This study included 167 842 infants (mean [SD] age, 2.33 [0.45] years; 86 321 [51.4%] male and 81 521 [48.6%] female). Overall unadjusted breastfeeding rates increased from 2009 to 2015 by 7.1 percentage points for initiation, 9.2 percentage points for exclusivity, and 11.3 percentage points for duration, with considerable variation by race/ethnicity. Most racial/ethnic groups had significant increases in breastfeeding rates. From 2009-2010 to 2014-2015, disparities in adjusted breastfeeding rates became larger between black and white infants. For example, the difference for exclusive breastfeeding through 6 months between black and white infants widened from 0.5 to 4.5 percentage points with a 4.0% difference in difference (P < .001) from 2009-2010 to 2014-2015. In contrast, the breastfeeding differences between Hispanic, Asian, and American Indian or Alaskan Native infants and white infants became smaller or stayed the same except for continued breastfeeding at 12 months among Asians. For example, the difference in continued breastfeeding at 12 months between Hispanic and white infants decreased from 7.8 to 3.8 percentage points between 2 periods, yielding a −4.0% difference in difference (P < .001). Because of positive trends among all race/ethnicities, these reduced differences were likely associated with greater increases among white infants throughout the study years.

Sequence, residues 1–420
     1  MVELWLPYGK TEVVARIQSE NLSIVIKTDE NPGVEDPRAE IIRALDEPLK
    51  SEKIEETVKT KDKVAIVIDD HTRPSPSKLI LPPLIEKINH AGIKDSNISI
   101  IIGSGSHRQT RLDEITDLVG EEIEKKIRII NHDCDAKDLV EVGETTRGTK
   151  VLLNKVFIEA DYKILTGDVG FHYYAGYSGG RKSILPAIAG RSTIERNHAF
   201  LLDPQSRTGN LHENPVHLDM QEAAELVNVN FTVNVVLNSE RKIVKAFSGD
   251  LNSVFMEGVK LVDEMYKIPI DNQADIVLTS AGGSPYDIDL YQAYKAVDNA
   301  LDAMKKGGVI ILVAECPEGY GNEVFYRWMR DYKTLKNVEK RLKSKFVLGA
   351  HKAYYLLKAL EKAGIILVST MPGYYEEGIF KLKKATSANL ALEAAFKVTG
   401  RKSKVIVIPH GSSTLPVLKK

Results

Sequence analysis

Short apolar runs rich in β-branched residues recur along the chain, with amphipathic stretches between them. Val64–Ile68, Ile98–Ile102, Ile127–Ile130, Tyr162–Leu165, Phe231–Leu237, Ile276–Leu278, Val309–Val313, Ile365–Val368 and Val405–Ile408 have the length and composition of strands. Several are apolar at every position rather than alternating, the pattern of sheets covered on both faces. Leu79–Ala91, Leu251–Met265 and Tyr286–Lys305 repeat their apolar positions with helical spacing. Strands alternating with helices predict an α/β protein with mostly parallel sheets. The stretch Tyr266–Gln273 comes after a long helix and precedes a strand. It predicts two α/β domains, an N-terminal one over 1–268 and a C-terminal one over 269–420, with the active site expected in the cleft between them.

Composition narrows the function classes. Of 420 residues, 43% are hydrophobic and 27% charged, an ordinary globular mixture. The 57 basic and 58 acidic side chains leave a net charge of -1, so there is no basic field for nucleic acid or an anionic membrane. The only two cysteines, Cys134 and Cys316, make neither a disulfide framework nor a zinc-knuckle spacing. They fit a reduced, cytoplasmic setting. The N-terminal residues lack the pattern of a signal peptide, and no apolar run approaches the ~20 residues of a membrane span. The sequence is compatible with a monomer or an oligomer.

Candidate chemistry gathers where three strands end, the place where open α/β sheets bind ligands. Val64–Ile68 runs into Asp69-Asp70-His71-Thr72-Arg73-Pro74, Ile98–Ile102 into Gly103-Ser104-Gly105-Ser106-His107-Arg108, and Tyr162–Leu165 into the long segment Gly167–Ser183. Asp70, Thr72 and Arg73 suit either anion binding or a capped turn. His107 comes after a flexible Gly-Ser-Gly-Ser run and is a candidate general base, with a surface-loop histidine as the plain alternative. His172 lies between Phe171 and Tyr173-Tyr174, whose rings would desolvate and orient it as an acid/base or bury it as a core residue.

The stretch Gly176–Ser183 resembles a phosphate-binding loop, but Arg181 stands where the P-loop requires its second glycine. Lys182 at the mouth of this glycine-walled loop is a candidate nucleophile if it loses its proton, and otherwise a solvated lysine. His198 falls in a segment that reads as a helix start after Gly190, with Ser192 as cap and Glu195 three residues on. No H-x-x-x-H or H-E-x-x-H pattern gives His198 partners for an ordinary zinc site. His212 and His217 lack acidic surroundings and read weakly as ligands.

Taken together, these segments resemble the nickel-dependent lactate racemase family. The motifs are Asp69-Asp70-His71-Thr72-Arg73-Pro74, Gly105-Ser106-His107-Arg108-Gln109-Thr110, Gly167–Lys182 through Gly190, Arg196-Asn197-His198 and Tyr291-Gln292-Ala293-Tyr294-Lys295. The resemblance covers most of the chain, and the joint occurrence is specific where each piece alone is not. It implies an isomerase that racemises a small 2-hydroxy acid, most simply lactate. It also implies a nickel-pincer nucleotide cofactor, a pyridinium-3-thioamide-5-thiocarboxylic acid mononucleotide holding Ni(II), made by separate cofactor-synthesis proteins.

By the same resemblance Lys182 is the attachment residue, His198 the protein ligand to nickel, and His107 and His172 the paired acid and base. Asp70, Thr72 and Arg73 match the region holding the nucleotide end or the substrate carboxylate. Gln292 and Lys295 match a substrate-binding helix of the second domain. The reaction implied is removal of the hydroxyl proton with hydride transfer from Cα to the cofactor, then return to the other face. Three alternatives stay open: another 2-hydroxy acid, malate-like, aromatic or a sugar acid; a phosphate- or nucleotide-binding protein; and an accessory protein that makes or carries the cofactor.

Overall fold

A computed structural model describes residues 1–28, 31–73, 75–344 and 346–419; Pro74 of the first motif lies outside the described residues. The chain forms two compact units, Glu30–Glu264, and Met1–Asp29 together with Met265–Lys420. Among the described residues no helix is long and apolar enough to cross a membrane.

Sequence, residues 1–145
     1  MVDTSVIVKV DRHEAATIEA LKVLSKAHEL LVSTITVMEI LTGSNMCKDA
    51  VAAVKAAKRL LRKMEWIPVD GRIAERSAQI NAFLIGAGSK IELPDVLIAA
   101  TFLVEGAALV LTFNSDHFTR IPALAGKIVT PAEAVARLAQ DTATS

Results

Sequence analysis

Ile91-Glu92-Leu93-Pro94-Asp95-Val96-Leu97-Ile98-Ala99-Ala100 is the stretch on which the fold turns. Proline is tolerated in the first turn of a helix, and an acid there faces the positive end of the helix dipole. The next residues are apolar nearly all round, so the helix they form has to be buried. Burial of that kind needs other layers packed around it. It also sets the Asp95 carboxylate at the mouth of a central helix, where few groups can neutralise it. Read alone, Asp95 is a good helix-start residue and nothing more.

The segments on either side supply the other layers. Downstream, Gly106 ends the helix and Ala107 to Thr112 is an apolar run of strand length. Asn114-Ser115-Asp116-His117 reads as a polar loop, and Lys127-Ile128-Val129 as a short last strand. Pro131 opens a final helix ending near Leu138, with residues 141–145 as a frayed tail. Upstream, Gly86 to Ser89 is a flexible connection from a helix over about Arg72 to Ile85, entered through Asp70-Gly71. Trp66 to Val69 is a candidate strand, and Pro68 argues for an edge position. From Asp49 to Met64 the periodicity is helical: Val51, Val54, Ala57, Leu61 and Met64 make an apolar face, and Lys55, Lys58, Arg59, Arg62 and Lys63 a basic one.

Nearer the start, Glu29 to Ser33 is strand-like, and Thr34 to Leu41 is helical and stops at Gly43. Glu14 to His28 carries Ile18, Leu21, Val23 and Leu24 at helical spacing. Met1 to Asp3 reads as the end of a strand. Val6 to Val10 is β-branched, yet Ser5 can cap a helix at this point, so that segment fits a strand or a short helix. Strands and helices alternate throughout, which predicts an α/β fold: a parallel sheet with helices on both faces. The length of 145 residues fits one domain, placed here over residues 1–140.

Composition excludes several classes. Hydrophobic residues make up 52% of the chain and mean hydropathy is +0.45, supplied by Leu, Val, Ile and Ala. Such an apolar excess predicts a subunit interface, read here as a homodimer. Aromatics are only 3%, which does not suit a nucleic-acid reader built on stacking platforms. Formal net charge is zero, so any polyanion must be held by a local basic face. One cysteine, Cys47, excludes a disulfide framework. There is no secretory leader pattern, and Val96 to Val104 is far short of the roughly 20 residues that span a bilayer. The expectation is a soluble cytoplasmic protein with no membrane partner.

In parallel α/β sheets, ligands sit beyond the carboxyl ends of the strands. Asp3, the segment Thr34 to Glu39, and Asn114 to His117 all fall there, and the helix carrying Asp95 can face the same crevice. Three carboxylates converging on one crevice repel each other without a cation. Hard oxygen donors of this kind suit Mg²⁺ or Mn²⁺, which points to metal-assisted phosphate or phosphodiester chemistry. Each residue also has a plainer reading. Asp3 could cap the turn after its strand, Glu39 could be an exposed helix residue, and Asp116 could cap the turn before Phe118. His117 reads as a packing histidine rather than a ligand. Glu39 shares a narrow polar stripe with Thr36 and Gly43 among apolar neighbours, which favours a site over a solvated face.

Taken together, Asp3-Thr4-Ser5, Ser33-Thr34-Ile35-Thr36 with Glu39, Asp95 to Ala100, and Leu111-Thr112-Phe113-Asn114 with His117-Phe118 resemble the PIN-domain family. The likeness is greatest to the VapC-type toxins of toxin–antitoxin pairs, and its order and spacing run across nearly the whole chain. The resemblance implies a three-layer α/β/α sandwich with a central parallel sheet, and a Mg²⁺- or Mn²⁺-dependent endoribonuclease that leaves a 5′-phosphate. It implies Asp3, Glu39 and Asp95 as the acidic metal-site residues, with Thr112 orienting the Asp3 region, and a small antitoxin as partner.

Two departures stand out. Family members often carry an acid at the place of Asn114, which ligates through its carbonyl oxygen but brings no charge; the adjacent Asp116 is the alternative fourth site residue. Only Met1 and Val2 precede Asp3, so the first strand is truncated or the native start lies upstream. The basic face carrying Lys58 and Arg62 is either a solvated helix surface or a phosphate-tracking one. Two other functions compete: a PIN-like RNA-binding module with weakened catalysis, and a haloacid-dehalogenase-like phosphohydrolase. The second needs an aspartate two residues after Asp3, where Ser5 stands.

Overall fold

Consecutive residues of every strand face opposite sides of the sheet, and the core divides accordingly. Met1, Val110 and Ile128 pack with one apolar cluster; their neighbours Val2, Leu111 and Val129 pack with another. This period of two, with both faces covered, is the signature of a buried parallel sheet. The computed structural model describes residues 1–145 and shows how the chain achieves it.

Conclusions and Relevance
Despite breastfeeding improvements among each race/ethnicity group, breastfeeding disparities between black and white infants became larger when breastfeeding improvements decreased even further among black infants in 2014-2015. The reduced breastfeeding gaps among all other nonwhite groups may be associated with greater increases among white infants. More efforts appear to be needed to improve breastfeeding rates among black infants.
The US breastfeeding rate across all race/ethnicities at 12 months of age increased by 11.3% from 24.6% in 2009 to 35.9% in 2015. This research demonstrates that poverty, education, age, marital status still play very important roles in breastfeeding rates, but breastfeeding rates are not 100% dependent on these factors. In other words, race/ethnicity itself also influences breastfeeding rates, so cultural norms, opportunities and barriers need further exploration. Although some of our policies such as improving breastfeeding support at work, may have contributed to increased breastfeeding rates from 2009 to 2015, it may be that such policies work better for certain groups than others, such as higher-paid workers vs low-wage workers. Further work is needed to improve support for African American dyads, since the overall increase in breastfeeding rates was higher among whites than it was for the African American population.